Soft skills not only enhance your personality, but they are also strengths that serve as valuable professional assets. Researchers say that over 60 percent of managers agree that soft skills are the most important when evaluating an employee's performance. Further findings suggest that hard skills contribute a mere 15 percent to one's success, while 85 percent comprises soft skills. It goes without saying that, "Today you can't just do what's in your job description and expect to be rewarded for it. You need to go above and beyond, and that's where the importance of soft skills comes into play," quotes Dan Schawbel, Managing Partner, Millenial Branding, author of the international bestsellers, Promote Yourself and Me 2.0.
So have you already been hired and are looking for ways to take your performance to the next level? Well, enhancing your soft skills can be the answer. What's the next step? Seek professional advice?! Now this is where we can help – by getting experts and international faculty of the Achieving Personal Excellence (APEX) program Ms. Puravi Hegde and Ms. Radhika Srivastava—to share with you a few secrets on nurturing what are, in our opinion, the 5 most important soft skills. The APEX team inspires individuals, ignites teams, and transforms organizations worldwide through its personal excellence and leadership programs.
Your 5 steps to success…
#1 Communicate Effectively
Enhance Your Expression
As we climb the organizational ladder, effective communication takes precedence over all other things. "If you wish to change your expression, it needs to happen at a deeper level—the level of perception and thought—only then will it be long lasting," shares Radhika Srivastava.
How can we bring greater clarity in the way we express ourselves? Our suggestion is by being calm. And an effective way to be calm is to meditate.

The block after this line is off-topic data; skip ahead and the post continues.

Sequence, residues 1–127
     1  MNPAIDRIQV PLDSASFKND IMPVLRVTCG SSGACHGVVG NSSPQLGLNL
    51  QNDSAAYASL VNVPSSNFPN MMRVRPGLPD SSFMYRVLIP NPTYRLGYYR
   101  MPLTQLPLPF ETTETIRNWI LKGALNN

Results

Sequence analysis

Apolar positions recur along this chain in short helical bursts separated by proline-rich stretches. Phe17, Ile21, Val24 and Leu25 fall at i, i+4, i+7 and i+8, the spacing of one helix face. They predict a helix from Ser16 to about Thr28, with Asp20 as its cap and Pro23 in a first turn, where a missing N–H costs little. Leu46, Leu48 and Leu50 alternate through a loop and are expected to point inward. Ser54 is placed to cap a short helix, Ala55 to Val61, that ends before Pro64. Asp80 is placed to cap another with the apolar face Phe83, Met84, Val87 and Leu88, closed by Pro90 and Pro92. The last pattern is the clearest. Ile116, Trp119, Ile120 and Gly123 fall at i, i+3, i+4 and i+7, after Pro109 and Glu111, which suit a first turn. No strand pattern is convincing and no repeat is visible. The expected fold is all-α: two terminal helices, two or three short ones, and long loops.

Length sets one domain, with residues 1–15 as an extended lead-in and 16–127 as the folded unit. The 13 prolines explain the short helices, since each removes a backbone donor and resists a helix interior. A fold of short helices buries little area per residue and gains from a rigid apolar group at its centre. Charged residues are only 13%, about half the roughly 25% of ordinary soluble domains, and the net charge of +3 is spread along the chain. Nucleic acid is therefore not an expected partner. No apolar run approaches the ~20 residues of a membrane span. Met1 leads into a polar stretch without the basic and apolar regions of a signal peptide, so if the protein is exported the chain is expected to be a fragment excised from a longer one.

"Meditation brings clarity in thought and intellect, and an obvious benefit that stems from the heightened clarity is an improvement in all aspects of communication—whether it is how we perceive, observe, or express ourselves. It also adds the elusive ability to communicate with one's presence, something that speaks louder than even the most flowery of speeches," quotes Puravi Hegde. This is one aspect.
Be A Good Listener
The other is to listen properly. At times, gaps in communication surface not just from a lack of clarity in expression, but also because we might not hear what we need to. Have you noticed that at times when we dislike someone at the workplace, we tend to create mental blocks where they are concerned? This stops us from clearly understanding what they have to say. We might even tend to overlook their suggestions, as we don't think they are so worthy or important. However, when we are calm, we are more aware and hence less biased; we tend to drop unnecessary resistance, and this helps us truly understand what is being communicated, thereby eliminating communication gaps.
#2 Place Team Success First
Quite naturally, we'd all like to give our careers that much-needed boost at regular intervals. In this process, we could sometimes tend to view our successes as being different from those of the team and thus place them ahead of the team's success. How often do we put our team's, and better still, our organization's success before us? is a pertinent question we would do well to keep asking ourselves when working in an organization.
In one of his addresses, Sri Sri Ravi Shankar talks about the interconnectedness between an organization and devotion. He says, "Organizations and devotion are opposite in nature. They don't go together, yet they cannot be apart or exist without each other. No organization can rise without devotion." In other words, a team's success calls for devotion from each member. If your team is progressing, so are you—and that's a definite benefit, isn't it?
For instance, there might be "debacles" at work sometimes that need your special skills, but might not even be counted as an addition to your resume. At such times, you should consider placing the team's success as paramount, and contribute to achieve the team's goals within the set deadlines.
Puravi Hegde shares an important insight on team effort and meditation: "Meditation helps us drop the "I", allowing us to move from "mine" to "ours" and brings us to a natural state of sharing—whether it's ideas, best practices, resources, or credit. This attitude ensures sustainable success for the team and the organization as a whole."
Read about three more soft skills in the sequel to this piece, coming out soon